- Greeting. This is a letter, and it should have a professional greeting. If you are working in a small office, the greeting can be personalized to your boss or office manager. If it is a large company and you are writing to Human Resources, you may want to put “To Whom it May Concern” as your greeting.
- Notice of leaving the job and last day of work. This is the main body paragraph. Keep it short and succinct. You do not have to explain where you are going or why you are leaving, but if you choose to, this is your place to put it. Giving a gentle explanation can help soothe any hard feelings that may come from your intent to leave your position. You may choose to say you are moving if that is the case, that you are returning to school, or branching into a new field to further your knowledge. Offering to help with the transition by training the new employee taking over your position is a considerate way to preserve the goodwill between you and your soon-to-be former employer and coworkers.
- Niceties. A difficult blow is always easier to receive when it is dealt with kindness, and manners are never out of place. Regardless of the reasons for leaving your job and writing your official letter of tendering a resignation, it is a good idea to throw in a “thank you” in your next paragraph. You most likely learned a valuable skill during your time of employment, so you can thank your boss for the opportunity to have worked for them, or any other positive aspect of the job – support, encouragement, friendliness, teamwork, etc.
- Contact information. You may need to leave your contact information in case financial questions come up in the future. For example, your final paychecks, insurance cancellations, or retirement and 401k policies may have to be addressed. Dropping off the grid can be costly to you, so it is a smart idea to leave your future contact information when resigning from a position.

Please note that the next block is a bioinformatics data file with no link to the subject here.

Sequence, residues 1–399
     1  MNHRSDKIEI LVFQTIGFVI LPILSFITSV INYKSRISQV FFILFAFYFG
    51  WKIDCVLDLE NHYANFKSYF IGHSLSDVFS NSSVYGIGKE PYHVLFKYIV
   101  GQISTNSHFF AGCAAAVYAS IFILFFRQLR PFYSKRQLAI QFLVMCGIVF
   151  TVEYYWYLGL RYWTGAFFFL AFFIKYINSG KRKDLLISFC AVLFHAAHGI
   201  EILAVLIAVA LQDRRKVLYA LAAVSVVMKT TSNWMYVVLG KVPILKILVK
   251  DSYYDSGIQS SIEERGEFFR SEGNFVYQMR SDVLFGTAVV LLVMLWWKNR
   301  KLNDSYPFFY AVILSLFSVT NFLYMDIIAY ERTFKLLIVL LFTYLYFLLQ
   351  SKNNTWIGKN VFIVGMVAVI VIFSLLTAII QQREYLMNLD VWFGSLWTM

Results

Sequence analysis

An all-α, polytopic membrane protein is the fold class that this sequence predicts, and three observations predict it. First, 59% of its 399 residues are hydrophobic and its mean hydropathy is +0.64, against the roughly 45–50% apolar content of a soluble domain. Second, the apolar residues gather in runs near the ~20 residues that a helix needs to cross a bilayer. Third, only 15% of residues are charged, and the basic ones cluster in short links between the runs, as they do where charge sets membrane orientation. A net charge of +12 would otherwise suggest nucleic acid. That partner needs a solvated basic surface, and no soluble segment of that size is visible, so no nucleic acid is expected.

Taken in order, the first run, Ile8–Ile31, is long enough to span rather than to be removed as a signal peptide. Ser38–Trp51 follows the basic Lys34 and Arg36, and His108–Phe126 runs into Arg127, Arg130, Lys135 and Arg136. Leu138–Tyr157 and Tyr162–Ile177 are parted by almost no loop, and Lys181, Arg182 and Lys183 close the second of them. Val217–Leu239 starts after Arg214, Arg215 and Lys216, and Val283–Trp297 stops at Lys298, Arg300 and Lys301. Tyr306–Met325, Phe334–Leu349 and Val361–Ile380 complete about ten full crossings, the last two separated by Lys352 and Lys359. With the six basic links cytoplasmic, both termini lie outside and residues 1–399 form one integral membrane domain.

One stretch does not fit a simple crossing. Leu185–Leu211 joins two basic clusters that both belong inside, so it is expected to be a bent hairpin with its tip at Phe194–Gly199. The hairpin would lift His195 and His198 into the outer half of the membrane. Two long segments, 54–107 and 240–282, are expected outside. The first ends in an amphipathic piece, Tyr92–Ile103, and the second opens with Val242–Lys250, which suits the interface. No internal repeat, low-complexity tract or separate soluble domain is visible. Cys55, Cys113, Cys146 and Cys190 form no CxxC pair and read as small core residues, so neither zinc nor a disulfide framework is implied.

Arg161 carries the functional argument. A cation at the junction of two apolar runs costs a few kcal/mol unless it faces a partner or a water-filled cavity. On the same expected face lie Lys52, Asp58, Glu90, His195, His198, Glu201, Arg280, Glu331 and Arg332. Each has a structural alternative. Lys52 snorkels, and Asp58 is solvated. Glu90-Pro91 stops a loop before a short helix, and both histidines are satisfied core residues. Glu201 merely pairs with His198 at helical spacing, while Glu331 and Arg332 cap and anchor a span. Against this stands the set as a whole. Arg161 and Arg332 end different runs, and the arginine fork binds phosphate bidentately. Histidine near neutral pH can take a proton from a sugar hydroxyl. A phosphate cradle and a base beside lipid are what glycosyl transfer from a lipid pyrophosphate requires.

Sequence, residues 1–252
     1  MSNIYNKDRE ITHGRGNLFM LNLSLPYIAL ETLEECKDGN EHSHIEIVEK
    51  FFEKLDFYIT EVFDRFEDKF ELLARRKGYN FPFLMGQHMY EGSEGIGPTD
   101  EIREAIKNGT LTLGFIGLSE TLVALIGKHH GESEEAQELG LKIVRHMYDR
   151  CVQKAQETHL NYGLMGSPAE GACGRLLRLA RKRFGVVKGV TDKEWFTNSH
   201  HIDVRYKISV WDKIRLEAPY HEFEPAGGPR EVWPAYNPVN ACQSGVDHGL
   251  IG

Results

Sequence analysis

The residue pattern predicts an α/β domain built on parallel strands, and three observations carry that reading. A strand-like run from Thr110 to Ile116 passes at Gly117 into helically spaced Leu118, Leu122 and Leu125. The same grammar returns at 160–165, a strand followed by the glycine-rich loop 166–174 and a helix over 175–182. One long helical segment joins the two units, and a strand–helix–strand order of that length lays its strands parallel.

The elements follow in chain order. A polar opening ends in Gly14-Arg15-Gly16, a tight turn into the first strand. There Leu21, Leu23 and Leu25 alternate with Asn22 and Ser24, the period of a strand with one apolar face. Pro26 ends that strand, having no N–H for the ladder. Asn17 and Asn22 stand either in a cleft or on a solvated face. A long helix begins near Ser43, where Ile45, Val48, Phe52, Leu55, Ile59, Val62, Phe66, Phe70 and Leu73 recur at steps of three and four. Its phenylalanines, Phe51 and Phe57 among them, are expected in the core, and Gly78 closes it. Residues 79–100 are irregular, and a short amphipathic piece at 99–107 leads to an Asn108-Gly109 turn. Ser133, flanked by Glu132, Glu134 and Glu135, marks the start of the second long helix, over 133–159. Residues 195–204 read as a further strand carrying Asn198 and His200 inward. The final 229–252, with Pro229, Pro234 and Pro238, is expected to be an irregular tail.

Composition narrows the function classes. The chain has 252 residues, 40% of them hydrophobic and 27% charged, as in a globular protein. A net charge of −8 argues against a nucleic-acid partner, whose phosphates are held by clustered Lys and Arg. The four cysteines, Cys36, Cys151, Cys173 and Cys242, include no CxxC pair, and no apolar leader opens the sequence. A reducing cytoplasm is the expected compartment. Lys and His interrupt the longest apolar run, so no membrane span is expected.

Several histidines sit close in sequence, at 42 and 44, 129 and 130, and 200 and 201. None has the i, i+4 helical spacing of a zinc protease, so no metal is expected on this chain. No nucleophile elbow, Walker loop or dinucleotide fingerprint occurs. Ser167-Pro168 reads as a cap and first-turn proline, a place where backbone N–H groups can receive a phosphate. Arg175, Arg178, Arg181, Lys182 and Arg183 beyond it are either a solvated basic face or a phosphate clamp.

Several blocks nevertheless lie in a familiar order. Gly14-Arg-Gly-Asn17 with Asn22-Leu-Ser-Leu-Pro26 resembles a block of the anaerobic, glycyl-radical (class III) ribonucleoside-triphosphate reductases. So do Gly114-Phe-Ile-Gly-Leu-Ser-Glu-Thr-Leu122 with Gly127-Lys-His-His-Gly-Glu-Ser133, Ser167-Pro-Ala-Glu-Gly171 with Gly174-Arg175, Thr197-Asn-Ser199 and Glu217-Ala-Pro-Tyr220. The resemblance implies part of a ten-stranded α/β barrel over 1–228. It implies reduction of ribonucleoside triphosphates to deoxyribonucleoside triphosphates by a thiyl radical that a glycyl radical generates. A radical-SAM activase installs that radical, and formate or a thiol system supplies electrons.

- Closing. A polite, formal closing with “Sincerely” and your name and signature will be the final element of your tendering a resignation letter format.
It can’t be stressed enough that no matter how nicely written and professionally formatted your letter is, if there are errors, it can detract from the overall effect. Before you turn it in, have your resignation letter reviewed by someone you trust to find any mistakes, or hire an online professional editor if you need to. Don’t forget to keep a copy of the resignation letter for your records and for future reference.
Example of the Best Resignation Letter
The best resignation letters are polite, respectful, and to the point. No matter whether you choose to submit your letter via email or in letter form, the template will use the same format. Use the following basic sample resignation letter to guide you, but be sure to tweak it where appropriate to fit your specific job situation.
Once you have submitted your resignation letter or email, continue to do your job as you always have and remain professional. Keep any negative reasons for your intent to resign to yourself, no matter who you are talking to. If tempted, just remind yourself that you are moving on to bigger and better things as you close this chapter of your life in a professional, responsible manner.